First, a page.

Green Lantern 80th Anniversary 100-Page Super-Spectacular – James Tyion IV, Geoff Johns, Cullen Bunn, Dennis O’Neill, Ron Marz, Peter J. Tomasi, Charlotte Fullerton McDuffie/ChrisCross, Robert Venditti, Mariko Tamaki, Sina Grace, Writers; Gary Frank, Ivan Reis/Oclair Albert, Doug Mahnke, Mike Grell, Darryl Banks, Fernando Pasarin/Wade Von Grawbadger, ChrisCross/Jordi Tarragona, Rafa Sandoval/Jordi Tarragona, Mirka Andolfo, Ramon Villalobos, Artists; Steve Oliff, Alex Sinclair, David Baron, Lovern Kindzierski, Hi-Fi, Gabe Eltaeb, Luis Guerrero, Ivan Plascencia, Arif Priantio, Rico Renzi, Colorists
Ray – 9/10
Ray: Wrapping up a long streak of giant-sized anthologies celebrating DC’s most iconic heroes, villains, and antiheroes as they hit their 80th anniversary, it’s Green Lantern’s time in the spotlight. Like Robin, many characters have held that mantle over the years. That means this all-star collection of talent—including one legend giving us possibly his final story—have eight different leads, along with a Hal Jordan/Oliver Queen team-up and a story spotlighting the core four Earth lanterns as a unit. So how does this stack up against the other specials?
First up is “Dark Things Cannot Stand the Light,” a Golden Age-set Alan Scott tale by James Tynion IV and Gary Frank. It gets the book off to a very strong start, focusing on Alan Scott paying a visit to the mother of a young man who perished in the horrific train crash that led to him finding the lantern. It establishes a new origin and backstory for Scott, giving the crash a cause rooted in human evil. It also hints at some new nuance below Scott’s chiseled exterior, and I’d love to see that explored. Tynion is the third writer, along Snyder and Williamson, to give us a tease of this new JSA. Who will get the call to write the series?
Next up it’s the most iconic GL creative team of all time, Geoff Johns and Ivan Reis, doing a Hal Jordan solo story. And by “solo,” I mean solo. “Last Will” is a tale of what happens when Hal crashes on an unknown world with a malfunctioning, dying ring. With only seconds to send out a trio of messages that he hopes will reach their targets and lead to his rescue—or at least let people know where he died—the three he chooses are a great testament to Hal’s character. And then comes a shocking—and hilarious—coda that might be the perfect way for Johns to put a bow on his legendary run.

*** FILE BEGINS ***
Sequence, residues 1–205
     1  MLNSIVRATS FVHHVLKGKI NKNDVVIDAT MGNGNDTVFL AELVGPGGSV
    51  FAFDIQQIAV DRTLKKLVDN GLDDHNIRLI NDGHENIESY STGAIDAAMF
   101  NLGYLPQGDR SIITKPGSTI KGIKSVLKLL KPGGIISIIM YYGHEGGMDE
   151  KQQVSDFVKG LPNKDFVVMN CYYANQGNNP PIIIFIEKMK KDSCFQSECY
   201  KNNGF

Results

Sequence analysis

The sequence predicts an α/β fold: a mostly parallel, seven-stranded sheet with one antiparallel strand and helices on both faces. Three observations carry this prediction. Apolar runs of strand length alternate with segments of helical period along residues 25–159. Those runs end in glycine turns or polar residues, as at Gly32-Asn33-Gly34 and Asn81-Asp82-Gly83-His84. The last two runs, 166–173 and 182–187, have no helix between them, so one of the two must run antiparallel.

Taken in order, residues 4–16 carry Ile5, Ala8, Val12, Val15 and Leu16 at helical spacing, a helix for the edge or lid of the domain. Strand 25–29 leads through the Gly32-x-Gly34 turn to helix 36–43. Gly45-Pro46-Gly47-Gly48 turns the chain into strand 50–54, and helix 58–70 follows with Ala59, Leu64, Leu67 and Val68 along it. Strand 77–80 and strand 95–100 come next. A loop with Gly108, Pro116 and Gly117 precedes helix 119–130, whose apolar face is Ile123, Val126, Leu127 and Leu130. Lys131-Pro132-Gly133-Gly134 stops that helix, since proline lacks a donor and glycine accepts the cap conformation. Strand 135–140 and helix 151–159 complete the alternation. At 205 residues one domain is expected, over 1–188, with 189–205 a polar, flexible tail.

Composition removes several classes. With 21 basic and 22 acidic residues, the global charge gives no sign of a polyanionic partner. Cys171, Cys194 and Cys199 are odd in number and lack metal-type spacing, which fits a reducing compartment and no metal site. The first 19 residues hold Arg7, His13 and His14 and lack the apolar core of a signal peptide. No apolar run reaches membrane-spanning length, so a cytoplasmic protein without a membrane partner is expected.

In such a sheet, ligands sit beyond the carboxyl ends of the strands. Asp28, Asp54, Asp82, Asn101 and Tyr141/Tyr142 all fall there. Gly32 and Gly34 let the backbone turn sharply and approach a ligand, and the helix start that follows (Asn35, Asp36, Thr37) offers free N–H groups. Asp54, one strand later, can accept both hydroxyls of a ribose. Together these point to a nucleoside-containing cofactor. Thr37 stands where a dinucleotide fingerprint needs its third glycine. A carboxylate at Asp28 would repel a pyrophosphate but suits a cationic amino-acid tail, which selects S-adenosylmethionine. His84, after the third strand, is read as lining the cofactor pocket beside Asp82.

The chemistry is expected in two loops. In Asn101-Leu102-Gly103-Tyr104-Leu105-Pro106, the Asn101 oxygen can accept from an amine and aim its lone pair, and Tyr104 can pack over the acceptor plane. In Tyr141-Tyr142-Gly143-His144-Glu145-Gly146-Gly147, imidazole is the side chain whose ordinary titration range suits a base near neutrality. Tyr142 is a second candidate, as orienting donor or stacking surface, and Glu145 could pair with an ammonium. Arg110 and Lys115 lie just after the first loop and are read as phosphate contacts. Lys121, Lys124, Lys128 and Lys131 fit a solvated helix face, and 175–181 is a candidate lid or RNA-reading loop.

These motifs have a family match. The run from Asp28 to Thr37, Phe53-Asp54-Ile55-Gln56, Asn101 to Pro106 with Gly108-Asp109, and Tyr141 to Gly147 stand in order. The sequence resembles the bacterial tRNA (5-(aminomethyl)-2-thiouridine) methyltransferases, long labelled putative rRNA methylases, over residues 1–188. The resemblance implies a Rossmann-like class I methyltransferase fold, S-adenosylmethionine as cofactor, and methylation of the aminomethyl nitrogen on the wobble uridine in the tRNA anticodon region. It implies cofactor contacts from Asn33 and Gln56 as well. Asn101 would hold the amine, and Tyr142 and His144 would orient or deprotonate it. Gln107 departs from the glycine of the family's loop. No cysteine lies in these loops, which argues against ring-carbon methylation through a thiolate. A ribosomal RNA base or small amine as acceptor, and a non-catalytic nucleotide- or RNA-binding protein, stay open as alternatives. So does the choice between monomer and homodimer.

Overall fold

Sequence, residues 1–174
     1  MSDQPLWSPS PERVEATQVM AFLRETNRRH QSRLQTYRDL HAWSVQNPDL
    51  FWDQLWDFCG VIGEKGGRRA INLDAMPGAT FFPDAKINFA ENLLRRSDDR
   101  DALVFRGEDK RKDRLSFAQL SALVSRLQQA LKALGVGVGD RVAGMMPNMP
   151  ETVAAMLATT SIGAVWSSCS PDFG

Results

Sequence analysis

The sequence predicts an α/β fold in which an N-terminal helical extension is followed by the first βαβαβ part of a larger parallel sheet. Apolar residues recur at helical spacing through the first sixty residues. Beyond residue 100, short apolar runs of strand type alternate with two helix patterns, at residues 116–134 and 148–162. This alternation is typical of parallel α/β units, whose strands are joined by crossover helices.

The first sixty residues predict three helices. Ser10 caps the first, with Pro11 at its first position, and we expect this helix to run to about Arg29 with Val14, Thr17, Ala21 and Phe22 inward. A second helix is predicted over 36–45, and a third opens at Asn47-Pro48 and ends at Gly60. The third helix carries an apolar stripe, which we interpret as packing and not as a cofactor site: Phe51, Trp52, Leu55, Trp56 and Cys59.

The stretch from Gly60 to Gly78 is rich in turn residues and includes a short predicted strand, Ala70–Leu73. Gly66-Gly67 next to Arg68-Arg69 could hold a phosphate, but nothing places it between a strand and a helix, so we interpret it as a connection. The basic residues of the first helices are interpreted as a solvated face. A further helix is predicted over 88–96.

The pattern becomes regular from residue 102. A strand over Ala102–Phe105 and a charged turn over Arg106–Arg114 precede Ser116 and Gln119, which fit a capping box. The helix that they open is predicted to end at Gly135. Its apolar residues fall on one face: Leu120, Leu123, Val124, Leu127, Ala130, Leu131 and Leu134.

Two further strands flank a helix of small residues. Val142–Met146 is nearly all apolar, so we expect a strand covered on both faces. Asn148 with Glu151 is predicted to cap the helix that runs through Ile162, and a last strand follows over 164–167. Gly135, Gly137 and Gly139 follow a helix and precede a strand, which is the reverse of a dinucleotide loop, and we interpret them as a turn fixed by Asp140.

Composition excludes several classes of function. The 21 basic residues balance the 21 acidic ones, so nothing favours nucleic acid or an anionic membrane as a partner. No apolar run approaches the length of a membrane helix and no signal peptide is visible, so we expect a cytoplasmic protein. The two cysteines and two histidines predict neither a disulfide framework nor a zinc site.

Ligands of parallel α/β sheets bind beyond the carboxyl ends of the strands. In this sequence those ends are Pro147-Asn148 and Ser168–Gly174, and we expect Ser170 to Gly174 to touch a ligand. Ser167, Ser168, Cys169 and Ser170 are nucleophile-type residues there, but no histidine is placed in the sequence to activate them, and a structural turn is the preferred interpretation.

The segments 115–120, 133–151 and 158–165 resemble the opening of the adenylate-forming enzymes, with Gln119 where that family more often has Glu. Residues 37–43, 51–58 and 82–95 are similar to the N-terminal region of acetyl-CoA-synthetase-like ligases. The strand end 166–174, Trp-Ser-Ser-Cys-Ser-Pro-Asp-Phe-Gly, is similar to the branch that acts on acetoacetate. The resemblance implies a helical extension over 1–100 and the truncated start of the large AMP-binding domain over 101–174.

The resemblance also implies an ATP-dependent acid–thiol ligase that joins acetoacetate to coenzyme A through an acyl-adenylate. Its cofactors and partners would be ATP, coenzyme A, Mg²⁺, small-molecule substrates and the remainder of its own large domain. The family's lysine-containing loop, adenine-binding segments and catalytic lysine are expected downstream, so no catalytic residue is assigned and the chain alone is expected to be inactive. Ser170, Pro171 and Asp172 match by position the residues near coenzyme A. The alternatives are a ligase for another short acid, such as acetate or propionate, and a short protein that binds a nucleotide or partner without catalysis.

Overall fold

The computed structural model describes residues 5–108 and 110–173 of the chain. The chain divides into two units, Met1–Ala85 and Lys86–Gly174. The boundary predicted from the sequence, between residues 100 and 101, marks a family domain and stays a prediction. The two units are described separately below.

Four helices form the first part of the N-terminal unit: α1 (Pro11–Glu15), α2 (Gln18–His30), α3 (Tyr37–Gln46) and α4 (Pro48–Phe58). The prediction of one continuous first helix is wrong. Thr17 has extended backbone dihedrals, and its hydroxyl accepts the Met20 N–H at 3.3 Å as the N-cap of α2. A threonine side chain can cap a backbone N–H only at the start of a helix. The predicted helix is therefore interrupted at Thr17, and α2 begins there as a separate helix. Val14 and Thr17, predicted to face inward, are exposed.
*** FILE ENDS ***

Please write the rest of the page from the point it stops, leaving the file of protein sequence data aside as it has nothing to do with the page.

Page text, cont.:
Cullen Bunn wrote a surprisingly nuanced Sinestro solo series that turned Hal’s notorious villain into a complex antihero, and he works with artist Doug Mahnke on “The Meaning of Fear,” a story that focuses on Sinestro confronting an agent of a mysterious group, testing him to see if he’s able to resist fear. A bit too much of this is used to remind us of Sinestro’s origin, but Bunn is able to write the order-obsessed tyrant like few other writers. The ending definitely makes clear that this is a darker Sinestro than in the original series, though.
Next up is “Time Alone,” a reunion of two DC legends in what turns out to be a farewell act for one of them. Writer Denny O’Neill and artist Mike Grell return to the classic Green Lantern/Green Arrow team for a tale that has Ollie and Hal working on their biggest challenge—themselves. With Ollie reacting violently to an attack by Clock King and resenting Hal for a recent sojourn off-earth, the two hash out their differences and Ollie decides to take his own sojourn into isolation. It’s a surprisingly introspective, melancholy story with a distinct old-school bow—the ideal tribute to the classic run and a great send-off to O’Neill’s legendary career.